Any combination involving the 4th finger is always a bit tricky, even though if it generally worked well in practice. Often times what goes wrong in concert is not the passage that you particularly practiced!
I like to think of "extending my 4th finger" as a way to give attention. Probably due to nerves, in difficult passages I catch myself grabbing the flute, fingers become tense and thus they curl and become "short". Keep them "long".
I see playing as an act of releasing air rather than putting out air. One actually needs to build up a certain inner strength to let go. This is especially critical for the upper 2nd to 3rd register, and most indispensable for playing piano in that range.
Try this small but significant difference in mindset the next time you play. Be patient and keep reminding yourself when you notice you're blowing rather than releasing. In the long run, you'll be able to play with much more efficient air management, build up stamina, and be able to have a whole variety in your expressive vocabulary.
To be able to work with the paradox of tension and release is the key! It's about internalizing, being conscious so that you no longer have to think about it anymore.
Continuing with the idea of concentrating on the breath rather than the tongue for articulation - practice first without any tongue at all, deep and short "huh". Notice any squeezing in the lips, throat, and HANDS. Ideally, hands should always feel floppy, like just sort of hanging onto the flute. A sign of this is you can feel the vibration of the sound through the hands. I say ideally because it gets difficult during a technical passage, but we just have to keep constantly reminding ourselves.
This is part of a free sound production.
Then when we use the tongue, experiment whether just using the very tip of the tongue barely touching the edge of the teeth is enough. If it's well-supported and backed up by the air we just practiced, it might be just enough already.
We can think of flute-playing very much like violin-playing (or singing actually, but violin-playing is visually more helpful). There is one place on the string which produces the pitch. Our breath also needs to be at the right place for the desired pitch. We have to train our air so that it arrives at the right place at the right time, along with the corresponding dynamic, sound color, and coordination with articulation.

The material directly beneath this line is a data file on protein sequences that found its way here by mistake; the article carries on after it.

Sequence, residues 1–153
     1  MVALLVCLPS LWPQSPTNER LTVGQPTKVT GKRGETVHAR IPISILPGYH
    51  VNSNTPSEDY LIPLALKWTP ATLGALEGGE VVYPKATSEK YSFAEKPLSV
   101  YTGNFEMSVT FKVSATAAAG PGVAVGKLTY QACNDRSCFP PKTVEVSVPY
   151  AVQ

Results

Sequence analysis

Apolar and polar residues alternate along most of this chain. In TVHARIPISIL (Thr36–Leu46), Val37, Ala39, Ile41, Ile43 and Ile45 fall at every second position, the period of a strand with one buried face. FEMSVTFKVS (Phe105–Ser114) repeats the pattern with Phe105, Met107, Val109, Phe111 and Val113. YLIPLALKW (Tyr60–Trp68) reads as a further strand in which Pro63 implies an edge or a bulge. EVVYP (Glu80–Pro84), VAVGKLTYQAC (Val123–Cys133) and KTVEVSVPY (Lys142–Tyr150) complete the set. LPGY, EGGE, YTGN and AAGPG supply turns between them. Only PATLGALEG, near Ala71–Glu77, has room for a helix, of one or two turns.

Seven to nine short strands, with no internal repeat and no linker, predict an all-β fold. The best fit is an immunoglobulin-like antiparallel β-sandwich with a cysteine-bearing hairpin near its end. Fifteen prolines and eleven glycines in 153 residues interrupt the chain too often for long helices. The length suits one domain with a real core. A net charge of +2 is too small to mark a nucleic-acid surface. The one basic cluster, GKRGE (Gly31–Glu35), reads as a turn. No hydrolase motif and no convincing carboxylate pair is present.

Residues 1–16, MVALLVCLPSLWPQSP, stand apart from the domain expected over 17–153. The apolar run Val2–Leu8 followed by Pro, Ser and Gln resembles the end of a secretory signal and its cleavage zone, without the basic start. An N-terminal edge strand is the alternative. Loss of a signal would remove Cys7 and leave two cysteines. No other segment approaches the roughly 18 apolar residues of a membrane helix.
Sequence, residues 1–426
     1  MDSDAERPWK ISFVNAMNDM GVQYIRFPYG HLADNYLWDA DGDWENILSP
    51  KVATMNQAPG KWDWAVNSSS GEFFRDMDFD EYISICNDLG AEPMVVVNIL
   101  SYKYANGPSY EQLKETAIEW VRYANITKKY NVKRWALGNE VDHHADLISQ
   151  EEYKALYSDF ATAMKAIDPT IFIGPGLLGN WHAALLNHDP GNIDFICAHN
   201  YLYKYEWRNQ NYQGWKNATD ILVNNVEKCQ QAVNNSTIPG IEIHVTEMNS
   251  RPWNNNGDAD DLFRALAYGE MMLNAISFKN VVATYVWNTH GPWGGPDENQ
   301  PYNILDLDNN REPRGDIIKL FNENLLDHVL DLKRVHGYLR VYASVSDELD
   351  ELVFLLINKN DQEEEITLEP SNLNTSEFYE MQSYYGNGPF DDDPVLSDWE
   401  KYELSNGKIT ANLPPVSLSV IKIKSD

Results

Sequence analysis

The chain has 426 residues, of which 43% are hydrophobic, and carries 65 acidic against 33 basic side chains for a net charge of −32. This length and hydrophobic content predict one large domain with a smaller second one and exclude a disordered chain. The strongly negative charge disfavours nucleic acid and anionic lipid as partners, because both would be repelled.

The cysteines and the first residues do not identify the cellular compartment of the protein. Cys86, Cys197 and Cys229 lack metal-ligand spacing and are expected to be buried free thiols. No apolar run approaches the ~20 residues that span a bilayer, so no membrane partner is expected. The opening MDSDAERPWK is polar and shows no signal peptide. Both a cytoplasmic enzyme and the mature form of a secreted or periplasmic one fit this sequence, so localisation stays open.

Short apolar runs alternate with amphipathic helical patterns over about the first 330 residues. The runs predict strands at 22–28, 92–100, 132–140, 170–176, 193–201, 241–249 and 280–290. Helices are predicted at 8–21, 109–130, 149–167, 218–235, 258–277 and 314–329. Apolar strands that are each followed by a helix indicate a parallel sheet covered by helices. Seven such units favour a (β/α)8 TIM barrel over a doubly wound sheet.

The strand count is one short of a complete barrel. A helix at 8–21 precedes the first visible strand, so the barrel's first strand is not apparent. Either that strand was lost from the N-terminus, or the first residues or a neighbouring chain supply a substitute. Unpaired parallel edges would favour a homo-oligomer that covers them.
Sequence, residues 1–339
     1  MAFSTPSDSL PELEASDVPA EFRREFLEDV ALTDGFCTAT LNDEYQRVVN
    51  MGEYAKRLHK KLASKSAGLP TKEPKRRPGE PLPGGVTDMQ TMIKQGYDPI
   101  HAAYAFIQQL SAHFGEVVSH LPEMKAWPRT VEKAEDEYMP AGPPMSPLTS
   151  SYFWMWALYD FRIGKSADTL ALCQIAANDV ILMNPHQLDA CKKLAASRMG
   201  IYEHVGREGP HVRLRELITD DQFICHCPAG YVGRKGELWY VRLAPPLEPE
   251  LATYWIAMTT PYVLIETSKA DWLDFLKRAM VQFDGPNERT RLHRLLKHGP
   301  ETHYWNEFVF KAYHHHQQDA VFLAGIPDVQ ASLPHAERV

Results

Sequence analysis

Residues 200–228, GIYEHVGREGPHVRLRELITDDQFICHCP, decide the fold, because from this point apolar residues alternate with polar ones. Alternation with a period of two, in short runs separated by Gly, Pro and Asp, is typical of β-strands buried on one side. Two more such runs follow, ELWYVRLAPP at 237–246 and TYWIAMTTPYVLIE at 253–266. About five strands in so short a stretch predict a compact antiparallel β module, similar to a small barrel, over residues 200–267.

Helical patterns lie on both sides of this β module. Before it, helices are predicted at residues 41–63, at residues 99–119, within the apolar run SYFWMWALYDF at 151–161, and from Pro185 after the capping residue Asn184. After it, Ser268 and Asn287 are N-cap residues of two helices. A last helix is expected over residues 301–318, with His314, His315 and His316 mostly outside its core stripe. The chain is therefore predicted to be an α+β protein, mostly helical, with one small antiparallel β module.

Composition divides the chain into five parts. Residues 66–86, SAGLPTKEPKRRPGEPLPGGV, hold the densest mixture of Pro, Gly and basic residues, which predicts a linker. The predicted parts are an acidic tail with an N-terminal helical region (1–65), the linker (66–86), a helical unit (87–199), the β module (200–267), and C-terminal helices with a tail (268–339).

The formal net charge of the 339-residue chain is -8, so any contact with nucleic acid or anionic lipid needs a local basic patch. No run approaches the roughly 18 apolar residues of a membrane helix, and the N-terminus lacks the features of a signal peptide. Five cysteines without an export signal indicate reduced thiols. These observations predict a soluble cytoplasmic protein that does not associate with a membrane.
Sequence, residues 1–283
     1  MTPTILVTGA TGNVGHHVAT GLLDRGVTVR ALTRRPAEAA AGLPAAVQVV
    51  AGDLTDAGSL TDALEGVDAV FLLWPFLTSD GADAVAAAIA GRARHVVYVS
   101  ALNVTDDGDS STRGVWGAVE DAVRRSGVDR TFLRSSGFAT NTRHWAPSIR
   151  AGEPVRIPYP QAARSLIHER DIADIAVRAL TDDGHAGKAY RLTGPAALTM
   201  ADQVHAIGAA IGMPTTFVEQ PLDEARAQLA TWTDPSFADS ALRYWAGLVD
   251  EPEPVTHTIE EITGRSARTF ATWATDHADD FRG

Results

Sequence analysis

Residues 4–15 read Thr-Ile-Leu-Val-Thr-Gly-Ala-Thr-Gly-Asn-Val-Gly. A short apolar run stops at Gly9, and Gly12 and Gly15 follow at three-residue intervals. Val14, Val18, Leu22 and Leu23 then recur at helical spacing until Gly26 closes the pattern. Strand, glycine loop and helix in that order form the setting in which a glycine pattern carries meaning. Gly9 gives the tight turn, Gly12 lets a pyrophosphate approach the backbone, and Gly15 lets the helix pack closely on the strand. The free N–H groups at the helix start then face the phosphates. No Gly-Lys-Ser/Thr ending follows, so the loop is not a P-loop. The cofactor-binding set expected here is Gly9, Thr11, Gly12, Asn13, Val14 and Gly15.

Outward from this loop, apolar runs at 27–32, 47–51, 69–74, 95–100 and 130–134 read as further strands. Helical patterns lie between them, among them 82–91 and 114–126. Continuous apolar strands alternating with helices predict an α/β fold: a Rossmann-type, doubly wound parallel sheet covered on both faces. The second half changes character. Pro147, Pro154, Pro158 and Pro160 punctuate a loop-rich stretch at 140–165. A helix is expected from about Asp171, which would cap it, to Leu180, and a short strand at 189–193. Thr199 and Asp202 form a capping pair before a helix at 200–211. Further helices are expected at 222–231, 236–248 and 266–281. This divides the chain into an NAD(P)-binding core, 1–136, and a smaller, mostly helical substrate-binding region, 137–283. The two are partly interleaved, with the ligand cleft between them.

I think, however, that first and foremost the air has to be at the right place for the note. We play the note not just with our fingers, but the air has to be prepared first. This is very noticeable especially when large leaps involving above the second octave or chromatics happen - if the air wasn't ready for that next position, the note will feel unstable and uncontrollable. It may feel "wobbly", not sitting "right" in the body, intonation problems happen. The fingers were there but the air wasn't there yet, which then causes the embouchure to work unnecessarily and inefficiently. This is against achieving the maximum with the minimum.
Remember, don't play! (here's my explanation of this)
Once this is conscious, other elements are much easier to add on (dynamics, articulation etc.). We train our body to have that "sound position" internalized, just as a string player recalls the correct position on the string.
Play the notes internally with the breath and not with the fingers or lips.
ABOUT THE BLOG:
I got inspired to document my own observations in flute-playing and music-making. Also, I thought it's important to pass on the teachings of the great Wilbert Hazelzet, as well as many other mentors who have influenced my artistic visions one way or the other. Enjoy this potpourri of tips, inspirations, and musings.
I'm specialized in coaching historical and modern flutists. CONTACT ME directly to set up a session, in person or online.